HUD No. 07-046
April 19, 2007
HUD SECRETARY CALLS FOR RESTORING CONFIDENCE IN MORTGAGE LENDING PRACTICES THROUGH FHA MODERNIZATION
Jackson stresses mortgage alternatives and ending predatory lending
HOUSTON, TX - U.S. Housing and Urban Development Secretary Alphonso Jackson today said we must increase "transparency and honesty for lending on all levels and by all lenders" at the Credit Suisse Small and Emerging Manager Private Equity Conference. Speaking to over 300 business professionals, Secretary Jackson addressed the need to modernize the Federal Housing Administration (FHA) as an alternative to the predatory lending practices that are affecting our nation's housing market today.
"We must restore confidence in lending practices, top to bottom. We can begin by exposing and ending predatory lending. There is no place for it in the housing industry or as an investment practice. Predatory lenders and mortgage fraud harm everyone in the home purchasing process, making it all the more necessary that we offer a safe FHA alternative," said Jackson.
While subprime home loans allow individuals with limited or troubled credit to become homeowners, some of these loans, which can include interest rates up to 10 percent or more, are taking a toll on too many hard working American families, often forcing them into foreclosure, noted Jackson. Last year, more than one million families lost their homes due to foreclosure, an increase of 42% from the previous year.
Secretary Jackson encouraged Congress to assist him in his efforts to combat predatory lending by passing legislation to modernize the Federal Housing Administration (FHA) The program has helped more than 34 million families become homeowners over the past 72 years, and prevented 75,000 families from losing their homes to foreclosure in Fiscal Year 2006 alone, and another 36,500 since October of last year. However, as lending practices have evolved and modernized, the FHA has been unable to do so without legislation. Reforming the critical mortgage insurance program to adapt to today's marketplace could serve as a solution to predatory lending, providing families with the opportunity to obtain a fair, safe and affordable mortgage.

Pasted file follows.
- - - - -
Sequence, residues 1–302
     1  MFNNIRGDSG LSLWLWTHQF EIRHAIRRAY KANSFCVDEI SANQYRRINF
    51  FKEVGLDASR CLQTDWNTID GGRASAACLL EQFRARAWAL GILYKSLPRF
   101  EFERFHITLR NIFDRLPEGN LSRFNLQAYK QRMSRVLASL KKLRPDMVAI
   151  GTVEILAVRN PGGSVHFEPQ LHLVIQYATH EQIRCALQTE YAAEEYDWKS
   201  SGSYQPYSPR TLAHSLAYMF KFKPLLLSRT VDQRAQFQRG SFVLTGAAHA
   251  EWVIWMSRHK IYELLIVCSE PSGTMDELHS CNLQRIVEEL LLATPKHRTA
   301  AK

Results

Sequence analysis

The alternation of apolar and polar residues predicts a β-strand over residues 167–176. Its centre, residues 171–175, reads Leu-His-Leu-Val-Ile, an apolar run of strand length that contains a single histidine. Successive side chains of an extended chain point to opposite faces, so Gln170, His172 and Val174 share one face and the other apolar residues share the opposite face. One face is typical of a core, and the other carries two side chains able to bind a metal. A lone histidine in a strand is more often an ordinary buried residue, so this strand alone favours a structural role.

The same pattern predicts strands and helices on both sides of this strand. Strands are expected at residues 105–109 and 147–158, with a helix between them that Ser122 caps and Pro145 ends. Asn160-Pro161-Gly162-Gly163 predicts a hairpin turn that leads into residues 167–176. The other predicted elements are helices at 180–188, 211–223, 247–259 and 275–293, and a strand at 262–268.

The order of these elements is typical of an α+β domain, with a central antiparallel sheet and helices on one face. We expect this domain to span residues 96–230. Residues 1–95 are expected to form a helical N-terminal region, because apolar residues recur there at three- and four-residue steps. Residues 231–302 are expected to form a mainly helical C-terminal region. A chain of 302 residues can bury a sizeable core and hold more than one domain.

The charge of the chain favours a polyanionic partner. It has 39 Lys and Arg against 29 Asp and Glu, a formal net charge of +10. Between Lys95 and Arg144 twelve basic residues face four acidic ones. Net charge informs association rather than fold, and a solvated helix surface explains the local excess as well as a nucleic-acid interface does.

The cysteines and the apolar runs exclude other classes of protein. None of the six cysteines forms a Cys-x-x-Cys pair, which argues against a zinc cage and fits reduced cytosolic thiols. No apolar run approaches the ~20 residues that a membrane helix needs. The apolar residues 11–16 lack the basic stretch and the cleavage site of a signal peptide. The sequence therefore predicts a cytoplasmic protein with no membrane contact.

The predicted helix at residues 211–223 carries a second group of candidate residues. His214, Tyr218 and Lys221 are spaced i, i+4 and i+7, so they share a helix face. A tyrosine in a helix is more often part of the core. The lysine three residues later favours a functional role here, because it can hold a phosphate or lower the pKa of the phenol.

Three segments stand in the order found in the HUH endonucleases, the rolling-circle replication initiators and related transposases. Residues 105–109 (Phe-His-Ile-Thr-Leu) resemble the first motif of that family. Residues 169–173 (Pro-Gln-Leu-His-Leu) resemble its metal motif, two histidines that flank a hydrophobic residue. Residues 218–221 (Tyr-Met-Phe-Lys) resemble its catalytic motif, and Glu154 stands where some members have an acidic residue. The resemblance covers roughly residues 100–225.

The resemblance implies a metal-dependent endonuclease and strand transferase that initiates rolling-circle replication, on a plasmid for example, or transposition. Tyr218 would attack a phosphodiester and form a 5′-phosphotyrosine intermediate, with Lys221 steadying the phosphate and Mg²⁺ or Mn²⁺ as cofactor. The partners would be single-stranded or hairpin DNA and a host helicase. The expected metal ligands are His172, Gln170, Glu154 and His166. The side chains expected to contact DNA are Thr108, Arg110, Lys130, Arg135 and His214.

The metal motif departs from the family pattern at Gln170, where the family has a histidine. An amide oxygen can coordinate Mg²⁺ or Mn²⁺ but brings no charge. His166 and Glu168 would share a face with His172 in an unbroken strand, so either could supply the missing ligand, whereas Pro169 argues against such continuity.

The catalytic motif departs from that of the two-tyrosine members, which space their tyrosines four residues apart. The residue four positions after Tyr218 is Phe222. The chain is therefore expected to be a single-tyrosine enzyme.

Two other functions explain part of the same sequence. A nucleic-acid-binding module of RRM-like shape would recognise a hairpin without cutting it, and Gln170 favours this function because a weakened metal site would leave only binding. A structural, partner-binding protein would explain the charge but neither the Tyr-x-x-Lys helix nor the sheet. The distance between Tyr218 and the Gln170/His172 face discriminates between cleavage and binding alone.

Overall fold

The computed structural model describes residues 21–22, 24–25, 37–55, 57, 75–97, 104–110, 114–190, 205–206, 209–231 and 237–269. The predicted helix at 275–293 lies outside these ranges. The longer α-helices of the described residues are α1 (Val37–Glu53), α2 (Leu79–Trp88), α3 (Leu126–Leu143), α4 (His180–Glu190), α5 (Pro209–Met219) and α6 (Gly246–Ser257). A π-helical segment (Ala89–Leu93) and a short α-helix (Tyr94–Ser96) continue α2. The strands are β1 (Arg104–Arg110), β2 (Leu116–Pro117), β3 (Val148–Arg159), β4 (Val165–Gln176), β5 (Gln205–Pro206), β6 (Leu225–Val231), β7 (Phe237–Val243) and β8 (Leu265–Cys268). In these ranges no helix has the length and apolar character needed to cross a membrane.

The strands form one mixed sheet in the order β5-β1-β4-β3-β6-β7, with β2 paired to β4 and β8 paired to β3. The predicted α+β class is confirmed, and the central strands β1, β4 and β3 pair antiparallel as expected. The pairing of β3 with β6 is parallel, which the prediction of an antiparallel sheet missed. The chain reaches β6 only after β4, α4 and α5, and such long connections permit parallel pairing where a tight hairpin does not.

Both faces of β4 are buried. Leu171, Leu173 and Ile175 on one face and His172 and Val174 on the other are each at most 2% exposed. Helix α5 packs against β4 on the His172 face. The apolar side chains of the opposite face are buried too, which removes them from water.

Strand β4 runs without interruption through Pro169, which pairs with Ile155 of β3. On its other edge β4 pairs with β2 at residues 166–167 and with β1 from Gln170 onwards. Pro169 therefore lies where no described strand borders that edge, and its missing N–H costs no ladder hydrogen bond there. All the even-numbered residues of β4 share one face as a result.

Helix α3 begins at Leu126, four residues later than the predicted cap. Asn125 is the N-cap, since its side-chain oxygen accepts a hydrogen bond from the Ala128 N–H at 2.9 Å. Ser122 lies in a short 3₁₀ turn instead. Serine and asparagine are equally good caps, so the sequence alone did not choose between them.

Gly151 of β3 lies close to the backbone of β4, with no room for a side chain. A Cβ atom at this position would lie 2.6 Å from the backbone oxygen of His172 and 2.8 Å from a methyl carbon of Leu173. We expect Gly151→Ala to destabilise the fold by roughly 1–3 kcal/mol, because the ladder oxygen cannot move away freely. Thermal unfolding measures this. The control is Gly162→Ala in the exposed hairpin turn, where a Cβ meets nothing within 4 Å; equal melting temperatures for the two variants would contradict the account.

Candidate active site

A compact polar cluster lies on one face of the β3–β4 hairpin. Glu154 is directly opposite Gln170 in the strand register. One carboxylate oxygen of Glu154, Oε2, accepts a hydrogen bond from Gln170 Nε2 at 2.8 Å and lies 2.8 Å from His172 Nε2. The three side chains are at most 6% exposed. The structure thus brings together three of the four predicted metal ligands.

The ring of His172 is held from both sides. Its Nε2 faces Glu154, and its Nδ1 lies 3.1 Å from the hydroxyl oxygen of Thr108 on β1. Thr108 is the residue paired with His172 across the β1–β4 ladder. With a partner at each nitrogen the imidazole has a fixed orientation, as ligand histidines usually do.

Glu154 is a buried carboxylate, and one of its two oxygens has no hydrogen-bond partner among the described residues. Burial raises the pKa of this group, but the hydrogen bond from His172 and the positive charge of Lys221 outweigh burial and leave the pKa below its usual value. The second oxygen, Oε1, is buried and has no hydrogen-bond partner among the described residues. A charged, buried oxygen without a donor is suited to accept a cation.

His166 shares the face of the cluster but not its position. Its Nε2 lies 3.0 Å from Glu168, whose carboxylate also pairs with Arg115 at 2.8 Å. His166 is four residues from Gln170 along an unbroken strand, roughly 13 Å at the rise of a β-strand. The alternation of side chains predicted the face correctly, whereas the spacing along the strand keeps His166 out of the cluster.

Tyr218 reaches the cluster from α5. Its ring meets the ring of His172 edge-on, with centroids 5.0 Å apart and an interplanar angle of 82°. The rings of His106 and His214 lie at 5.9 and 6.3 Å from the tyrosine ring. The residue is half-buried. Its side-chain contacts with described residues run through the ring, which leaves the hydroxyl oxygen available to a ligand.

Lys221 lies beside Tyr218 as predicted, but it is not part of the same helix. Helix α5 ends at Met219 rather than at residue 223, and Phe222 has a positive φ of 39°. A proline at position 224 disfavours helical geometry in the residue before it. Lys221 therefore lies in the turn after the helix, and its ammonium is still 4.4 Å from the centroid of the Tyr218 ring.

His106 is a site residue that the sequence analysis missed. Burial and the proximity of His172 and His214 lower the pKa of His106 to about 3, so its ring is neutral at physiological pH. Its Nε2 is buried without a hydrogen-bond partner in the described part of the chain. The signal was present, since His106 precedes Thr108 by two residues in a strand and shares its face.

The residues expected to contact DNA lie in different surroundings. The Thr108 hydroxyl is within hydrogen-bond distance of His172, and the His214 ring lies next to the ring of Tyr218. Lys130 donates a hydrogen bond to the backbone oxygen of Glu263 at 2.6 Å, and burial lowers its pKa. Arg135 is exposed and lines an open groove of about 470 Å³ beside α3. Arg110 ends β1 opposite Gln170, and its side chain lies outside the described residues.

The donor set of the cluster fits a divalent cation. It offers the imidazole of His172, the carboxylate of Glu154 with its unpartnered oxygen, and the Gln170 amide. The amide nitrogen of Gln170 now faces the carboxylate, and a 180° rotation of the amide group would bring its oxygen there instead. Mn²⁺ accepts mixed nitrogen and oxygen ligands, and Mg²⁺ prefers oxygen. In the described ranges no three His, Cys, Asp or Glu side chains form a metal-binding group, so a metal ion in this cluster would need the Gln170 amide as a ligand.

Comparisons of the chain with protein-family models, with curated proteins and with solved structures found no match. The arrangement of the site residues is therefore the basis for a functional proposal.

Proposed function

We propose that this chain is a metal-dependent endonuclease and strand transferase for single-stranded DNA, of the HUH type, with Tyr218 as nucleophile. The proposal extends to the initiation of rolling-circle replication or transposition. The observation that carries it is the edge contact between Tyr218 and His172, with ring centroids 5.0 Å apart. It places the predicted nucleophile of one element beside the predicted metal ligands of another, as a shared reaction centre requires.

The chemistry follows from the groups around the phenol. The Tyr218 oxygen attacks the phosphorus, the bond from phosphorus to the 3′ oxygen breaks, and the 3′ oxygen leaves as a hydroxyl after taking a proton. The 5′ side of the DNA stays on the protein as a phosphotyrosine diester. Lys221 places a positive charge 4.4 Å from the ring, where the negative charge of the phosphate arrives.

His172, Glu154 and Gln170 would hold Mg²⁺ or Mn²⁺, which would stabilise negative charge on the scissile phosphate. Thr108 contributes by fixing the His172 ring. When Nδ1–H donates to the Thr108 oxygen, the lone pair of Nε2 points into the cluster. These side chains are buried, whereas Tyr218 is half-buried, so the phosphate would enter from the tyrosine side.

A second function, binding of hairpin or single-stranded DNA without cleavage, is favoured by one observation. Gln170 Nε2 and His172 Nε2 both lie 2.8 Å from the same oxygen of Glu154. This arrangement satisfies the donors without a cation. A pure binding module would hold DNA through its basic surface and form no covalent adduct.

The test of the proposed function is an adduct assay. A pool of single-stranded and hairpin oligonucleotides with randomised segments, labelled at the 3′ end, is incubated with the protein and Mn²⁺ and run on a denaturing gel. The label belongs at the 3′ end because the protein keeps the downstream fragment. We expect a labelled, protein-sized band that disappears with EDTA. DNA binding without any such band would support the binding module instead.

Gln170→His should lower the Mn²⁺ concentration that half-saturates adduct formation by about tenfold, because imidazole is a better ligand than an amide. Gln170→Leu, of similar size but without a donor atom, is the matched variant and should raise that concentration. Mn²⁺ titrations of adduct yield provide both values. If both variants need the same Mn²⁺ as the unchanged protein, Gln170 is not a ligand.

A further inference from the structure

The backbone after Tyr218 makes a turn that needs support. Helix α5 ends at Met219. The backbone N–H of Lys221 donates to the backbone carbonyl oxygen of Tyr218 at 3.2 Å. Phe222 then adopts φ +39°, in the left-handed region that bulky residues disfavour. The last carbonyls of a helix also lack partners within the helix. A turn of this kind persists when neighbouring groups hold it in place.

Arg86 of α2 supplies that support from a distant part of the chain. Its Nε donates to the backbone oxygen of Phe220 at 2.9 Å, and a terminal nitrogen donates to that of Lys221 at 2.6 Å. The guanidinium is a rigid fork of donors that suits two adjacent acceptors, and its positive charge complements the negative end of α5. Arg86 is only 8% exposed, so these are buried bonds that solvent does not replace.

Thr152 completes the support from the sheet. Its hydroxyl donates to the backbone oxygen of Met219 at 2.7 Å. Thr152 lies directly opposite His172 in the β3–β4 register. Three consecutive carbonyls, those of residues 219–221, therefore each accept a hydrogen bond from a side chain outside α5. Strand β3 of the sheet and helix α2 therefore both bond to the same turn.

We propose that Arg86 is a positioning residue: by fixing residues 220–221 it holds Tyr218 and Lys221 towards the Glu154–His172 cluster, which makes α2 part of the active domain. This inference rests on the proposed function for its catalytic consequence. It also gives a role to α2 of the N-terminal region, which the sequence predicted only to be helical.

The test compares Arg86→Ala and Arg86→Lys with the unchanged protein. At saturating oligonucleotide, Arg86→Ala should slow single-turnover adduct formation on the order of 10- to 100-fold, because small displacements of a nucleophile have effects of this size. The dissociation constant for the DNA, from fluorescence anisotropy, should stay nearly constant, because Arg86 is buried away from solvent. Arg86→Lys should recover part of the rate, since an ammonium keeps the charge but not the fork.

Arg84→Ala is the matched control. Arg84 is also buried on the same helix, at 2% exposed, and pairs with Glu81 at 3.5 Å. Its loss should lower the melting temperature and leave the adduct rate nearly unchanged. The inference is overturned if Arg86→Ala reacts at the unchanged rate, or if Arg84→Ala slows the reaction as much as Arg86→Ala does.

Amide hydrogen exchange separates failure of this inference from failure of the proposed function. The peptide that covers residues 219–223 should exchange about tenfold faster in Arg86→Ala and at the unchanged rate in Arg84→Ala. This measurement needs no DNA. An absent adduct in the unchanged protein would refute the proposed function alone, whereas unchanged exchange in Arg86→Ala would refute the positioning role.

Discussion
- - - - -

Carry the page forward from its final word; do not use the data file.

"With expanded authority to set insurance premiums commensurate with risk, FHA could potentially help thousands of borrowers who need an alternative to exotic loans. FHA modernization could save borrowers substantial money and do so in a financially sound manner," added Jackson.
Last year, the Bush Administration proposed a set of changes to the FHA program that would expand its reach by eliminating outdated downpayment requirements, customizing mortgage premiums for each homebuyer according to risk, and raising loan limits across the country. The bill, the Expanding American Homeownership Act of 2006, passed the House with overwhelming bipartisan support in July 2006-- by a vote of 415 to 7 -- and has been reintroduced this year. Jackson continues to urge the new Congress to make this a top priority to quickly pass this critical piece of legislation.
"Through the housing market, we can encourage investment programs that make the American Dream possible for millions of Americans. If we step forward, working together, we can transform a serious situation into an opportunity to vastly improve lending practices and create a more enviable investment environment," Jackson concluded.
HUD is the nation's housing agency committed to increasing homeownership, particularly among minorities; creating affordable housing opportunities for low-income Americans; and supporting the homeless, elderly, people with disabilities and people living with AIDS. The Department also promotes economic and community development, and enforces the nation's fair housing laws. More information about HUD and its programs is available on the Internet and espanol.hud.gov.